Precept – Except for (a) risks from decisions based on cost-benefit analysis and (b) risks that are unidentifiable in advance (e.g., those associated with discovery and invention) – except for these risks, all losses to an enterprise are attributable to human error in the design of processes, including the design of the hardware used in the processes, and in the implementation of the processes. The prevention of human error should have very high priority.
Audience – Aside from discovery, invention and innovation, human error prevention can be the greatest contributor to improved productivity and quality. This workshop is designed to provide value for anyone responsible for improvements in productivity and quality.
Universal Applicability – The principles and practices of human error prevention are universally applicable regardless of the type of industrial, commercial or governmental enterprise, and regardless of the type of function performed within the enterprise.
Acclaimed – This highly acclaimed workshop is unique and up to date with the latest human error prevention principles and practices developed by Ben Marguglio and others in the US nuclear and aerospace industries. Marguglio introduces a new taxonomy of human error causal factors, a new model of human error, and new techniques by which to make error prevention, detection and mitigation barriers more effective – demonstrating his leadership in the field.
Learning Objectives – Upon completion of this workshop one will understand and be able to apply:
- The four fields of focus for human error prevention
- Quality culture and the quality-conscious work environment;
- Leadership responsibilities for creating and sustaining the quality-conscious work environment;
- Classifications of human error by timing of the effect, significance of the effect, and causal factor;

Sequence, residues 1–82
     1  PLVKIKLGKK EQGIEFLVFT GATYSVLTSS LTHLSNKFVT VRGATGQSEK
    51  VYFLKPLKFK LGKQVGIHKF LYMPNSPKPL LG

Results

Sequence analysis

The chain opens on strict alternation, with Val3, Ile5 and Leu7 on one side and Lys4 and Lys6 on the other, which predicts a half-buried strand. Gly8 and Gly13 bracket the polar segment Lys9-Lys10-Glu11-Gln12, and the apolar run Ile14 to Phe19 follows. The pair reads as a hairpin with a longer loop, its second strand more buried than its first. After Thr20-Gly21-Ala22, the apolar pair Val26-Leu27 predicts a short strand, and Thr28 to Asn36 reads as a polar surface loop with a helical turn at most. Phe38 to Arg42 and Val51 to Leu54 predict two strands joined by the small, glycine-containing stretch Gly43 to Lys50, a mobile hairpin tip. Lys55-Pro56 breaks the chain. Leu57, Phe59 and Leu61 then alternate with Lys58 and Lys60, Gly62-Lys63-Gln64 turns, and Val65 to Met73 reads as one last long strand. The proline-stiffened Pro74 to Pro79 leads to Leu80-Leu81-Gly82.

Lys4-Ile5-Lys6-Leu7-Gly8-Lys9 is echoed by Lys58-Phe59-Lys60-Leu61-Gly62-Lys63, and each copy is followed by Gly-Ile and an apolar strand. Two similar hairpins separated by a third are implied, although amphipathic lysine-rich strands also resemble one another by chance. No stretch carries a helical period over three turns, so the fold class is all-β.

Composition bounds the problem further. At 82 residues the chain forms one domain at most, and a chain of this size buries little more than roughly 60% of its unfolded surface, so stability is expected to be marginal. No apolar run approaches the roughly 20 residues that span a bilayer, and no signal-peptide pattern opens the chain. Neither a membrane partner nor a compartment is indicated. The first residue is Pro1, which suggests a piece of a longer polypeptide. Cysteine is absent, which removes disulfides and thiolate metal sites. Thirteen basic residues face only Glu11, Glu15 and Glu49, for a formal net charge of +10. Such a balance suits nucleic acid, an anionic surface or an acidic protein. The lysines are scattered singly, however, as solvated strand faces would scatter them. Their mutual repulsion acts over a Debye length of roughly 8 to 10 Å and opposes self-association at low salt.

- The seven human error causal factors;
- The five levels of human error;
- The three levels of barriers to human error and to the quality hazards activated by human error;
- The four types of things into which barriers are incorporated;
- The total quality function and the relationship of barriers to the total quality function;
- Methods by which to make barriers effective;
- Human error prevention principles.
Time and Place: Friday, April 11, 2014 – 8:00 am – 4:30 pm
Bergen Community College @ the Meadowlands
1280 Wall Street West, Lyndhurst, NJ 07071
Driving directions information: http://www.bergen.edu/maps/pages/meadowlands.aspx. Onsite parking can be accessed from either Wall St. West or Clay Avenue, free for workshop attendees.
From NYC: NJ Transit Bus Routes #192, Clifton-NY
From Newark: NJ Transit Bus Route #76, Hackensack-Newark
Presented by: Ben Marguglio
Ben Marguglio is an expert on risk identification, risk assessment, risk management, and root cause analysis tools and techniques. He has fifty-seven years of management and technical consultant experience with large high technology enterprises, served as executive level director, division director and management team leader for multi-million dollar design and construction projects. Ben is also a preeminent expert on human error prevention/reduction and the originator of the new and unique “Human Error Causal Factors” taxonomy, and presenter of the acclaimed “Human Error Prevention” Seminar. He is a Fellow of the American Society for Quality (ASQ) since 1974, ASQ Certified Quality Engineer, Reliability Engineer, Quality Auditor, and Manager of Quality / Organizational Excellence and the author of more than 150 technical and management papers and presentations and three books.
Each workshop attendee will receive a Certificate of Completion with 0.75 Continuing Education Units.